Drilling holes for a steel frame?

Discuss light weight issues concerning road bikes & parts.
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wath
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Joined: Sat Mar 17, 2012 8:48 pm
Location: Los Angeles

by wath

I'd like to know if it's safe to drill holes in my frame to run internal cabling. Please don't tell me how pointless it is, trust me, I already know. Also don't tell me about how much of a pain it is to replace the lines, because I couldn't really care less.

I can't stand how the brake housing dirties up the clean lines I'm trying to accomplish on my W.I.P. I'm just wondering if its safe and what would be the most conservative locations to drill. I've read on the web that unbrazed holes can create stress marks and become a possible point for failure but everyone on the internet is an "expert," so I don't know if that is just theoretical or realistically plausible.

Image

I'd love to hear an opinion from someone who's actually qualified on the subject if possible, or has experience on the topic. Banter is fine too, though :mrgreen:

Thanks :D

(P.S. Circa 2000ish computer will come off as soon as I can afford a nice, new Garmin. This is a budget W.I.P. mind you, thanks.)

KB
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Location: HULLGARIA UK

by KB

Back in the early 70's, Merckx was doing it, but this involved drilling components more tahn anything. The one place where it was done was in the bottom bracket shell, which I assume by the look of your bike it would be possible, i.e., being lugged. I've also seen the odd bike with holes in the top tube.

by Weenie


ticou
Posts: 459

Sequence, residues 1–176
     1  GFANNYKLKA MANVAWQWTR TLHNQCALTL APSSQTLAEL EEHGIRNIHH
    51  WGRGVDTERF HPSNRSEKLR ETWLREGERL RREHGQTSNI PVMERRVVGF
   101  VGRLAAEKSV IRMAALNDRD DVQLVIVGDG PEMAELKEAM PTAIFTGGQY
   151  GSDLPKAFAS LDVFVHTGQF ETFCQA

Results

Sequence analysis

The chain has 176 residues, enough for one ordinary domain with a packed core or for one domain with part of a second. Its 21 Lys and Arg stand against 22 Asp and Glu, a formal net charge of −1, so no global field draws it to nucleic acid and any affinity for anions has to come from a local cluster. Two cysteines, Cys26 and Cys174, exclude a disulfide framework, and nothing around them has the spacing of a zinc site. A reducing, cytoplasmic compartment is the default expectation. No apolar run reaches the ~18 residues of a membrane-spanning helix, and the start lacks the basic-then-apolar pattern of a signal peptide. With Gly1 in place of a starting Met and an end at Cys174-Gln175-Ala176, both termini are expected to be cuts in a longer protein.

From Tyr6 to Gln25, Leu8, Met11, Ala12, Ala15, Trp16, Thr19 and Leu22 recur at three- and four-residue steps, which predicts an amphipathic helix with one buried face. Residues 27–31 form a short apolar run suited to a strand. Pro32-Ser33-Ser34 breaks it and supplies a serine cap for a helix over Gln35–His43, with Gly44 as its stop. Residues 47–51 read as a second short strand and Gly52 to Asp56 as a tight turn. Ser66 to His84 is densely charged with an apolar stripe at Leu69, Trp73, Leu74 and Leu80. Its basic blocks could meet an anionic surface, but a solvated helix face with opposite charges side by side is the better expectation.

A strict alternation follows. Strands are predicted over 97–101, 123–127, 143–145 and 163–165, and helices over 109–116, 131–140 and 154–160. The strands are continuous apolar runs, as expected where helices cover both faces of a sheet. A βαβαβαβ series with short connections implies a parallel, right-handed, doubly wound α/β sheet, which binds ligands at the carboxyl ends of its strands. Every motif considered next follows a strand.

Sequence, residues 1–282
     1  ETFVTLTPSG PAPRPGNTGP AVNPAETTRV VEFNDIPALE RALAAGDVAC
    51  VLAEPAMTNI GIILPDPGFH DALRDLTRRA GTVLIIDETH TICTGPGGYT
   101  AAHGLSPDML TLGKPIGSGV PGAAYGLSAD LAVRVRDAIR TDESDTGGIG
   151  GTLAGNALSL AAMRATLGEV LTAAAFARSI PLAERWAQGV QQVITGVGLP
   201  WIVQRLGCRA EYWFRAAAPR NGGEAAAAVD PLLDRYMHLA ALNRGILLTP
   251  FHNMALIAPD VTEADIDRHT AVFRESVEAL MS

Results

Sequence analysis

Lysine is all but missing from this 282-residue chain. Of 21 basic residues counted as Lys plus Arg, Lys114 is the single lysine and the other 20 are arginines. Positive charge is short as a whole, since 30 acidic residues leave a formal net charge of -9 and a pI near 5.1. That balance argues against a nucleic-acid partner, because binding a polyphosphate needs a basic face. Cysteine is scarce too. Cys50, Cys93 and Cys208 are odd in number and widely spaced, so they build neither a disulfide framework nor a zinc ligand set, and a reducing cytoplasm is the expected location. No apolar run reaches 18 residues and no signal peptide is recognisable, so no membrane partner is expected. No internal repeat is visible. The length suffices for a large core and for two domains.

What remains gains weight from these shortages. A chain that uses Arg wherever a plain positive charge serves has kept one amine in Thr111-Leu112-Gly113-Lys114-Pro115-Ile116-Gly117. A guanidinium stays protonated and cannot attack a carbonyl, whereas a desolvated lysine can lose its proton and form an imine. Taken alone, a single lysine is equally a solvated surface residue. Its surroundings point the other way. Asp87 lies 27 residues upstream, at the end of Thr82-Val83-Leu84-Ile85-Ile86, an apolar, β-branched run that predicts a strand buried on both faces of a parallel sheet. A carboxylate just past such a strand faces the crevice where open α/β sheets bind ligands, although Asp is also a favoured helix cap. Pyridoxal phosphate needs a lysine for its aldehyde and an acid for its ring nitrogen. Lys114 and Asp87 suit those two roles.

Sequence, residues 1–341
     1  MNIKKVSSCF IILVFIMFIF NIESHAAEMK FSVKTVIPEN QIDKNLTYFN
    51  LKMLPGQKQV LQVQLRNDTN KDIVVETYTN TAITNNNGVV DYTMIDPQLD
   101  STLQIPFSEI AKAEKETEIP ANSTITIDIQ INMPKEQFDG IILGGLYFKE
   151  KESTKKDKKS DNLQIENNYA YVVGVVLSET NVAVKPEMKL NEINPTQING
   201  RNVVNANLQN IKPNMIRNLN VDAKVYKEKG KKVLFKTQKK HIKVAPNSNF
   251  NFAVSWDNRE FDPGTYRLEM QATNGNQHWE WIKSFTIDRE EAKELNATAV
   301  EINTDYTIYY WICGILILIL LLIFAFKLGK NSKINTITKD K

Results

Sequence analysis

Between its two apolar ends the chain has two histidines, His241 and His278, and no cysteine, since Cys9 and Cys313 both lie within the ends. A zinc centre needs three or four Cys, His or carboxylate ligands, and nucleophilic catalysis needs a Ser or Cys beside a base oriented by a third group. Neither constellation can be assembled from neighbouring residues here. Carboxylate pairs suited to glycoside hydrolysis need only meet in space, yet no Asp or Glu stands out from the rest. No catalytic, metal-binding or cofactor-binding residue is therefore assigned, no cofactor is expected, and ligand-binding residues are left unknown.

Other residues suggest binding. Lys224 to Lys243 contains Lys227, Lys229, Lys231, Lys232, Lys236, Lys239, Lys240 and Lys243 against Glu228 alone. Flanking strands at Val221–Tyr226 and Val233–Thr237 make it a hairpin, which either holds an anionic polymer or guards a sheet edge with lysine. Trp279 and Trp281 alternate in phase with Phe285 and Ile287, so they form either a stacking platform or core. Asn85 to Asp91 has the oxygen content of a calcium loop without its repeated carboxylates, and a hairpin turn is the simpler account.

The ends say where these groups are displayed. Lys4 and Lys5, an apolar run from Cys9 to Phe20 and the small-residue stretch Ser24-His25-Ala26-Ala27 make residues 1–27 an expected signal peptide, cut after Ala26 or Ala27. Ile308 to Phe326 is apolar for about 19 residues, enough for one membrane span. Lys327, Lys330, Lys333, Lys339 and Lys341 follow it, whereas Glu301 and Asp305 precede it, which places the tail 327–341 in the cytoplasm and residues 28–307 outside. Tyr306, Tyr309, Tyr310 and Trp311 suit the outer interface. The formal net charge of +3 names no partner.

Joined: Mon Mar 19, 2012 3:31 pm

by ticou

The blow hole/moisture entry point on my steel is in the L drop out. It's the only one, and that's where it's staying.

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wath
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Joined: Sat Mar 17, 2012 8:48 pm
Location: Los Angeles

by wath

KB wrote:Back in the early 70's, Merckx was doing it, but this involved drilling components more tahn anything. The one place where it was done was in the bottom bracket shell, which I assume by the look of your bike it would be possible, i.e., being lugged. I've also seen the odd bike with holes in the top tube.


Hmmm... I'm aware of the "drillium" fad that plagued beautiful componentry during that period (and unfortunately still today) but I'm specifically referring to the frame. The Colombus Matrix tubing is relatively heavy but the walls still might only be about a milometer thick so I'd like to be sure first.

And I wouldn't want to drill into the bottom bracket just to shave a few grams, my only goal is to hide my disgusting brake line. :thumbup:

ticou wrote:The blow hole/moisture entry point on my steel is in the L drop out. It's the only one, and that's where it's staying.


Is this because putting holes elsewhere would be unsafe? Or just because you wouldn't want to do something irreversible to the frame?

ticou
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Joined: Mon Mar 19, 2012 3:31 pm

by ticou

Both. When rain get's trapped within a steel frame, often without the rider knowing, it starts the corrosive process. Best to not open Pandora's box for mere vanity.

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Cyco
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Joined: Sat Nov 30, 2002 4:49 am

by Cyco

I wouldn't drill and leave the holes plain for 2 main reasons:

The hole if not perfectly smooth will be a stress riser that could lead to frame failure

The thinness of the material will cut the brake outer to shreds and cause the cable to rust.

A tube to guide the cable can be silver soldered in fairly easily, and with little paint damage, or you can for for hole reinforcing such as the Silva 141 http://www.framebuilding.com/Braze%20ons.htm
Success is how far you you bounce back up after being knocked down

ticou
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Joined: Mon Mar 19, 2012 3:31 pm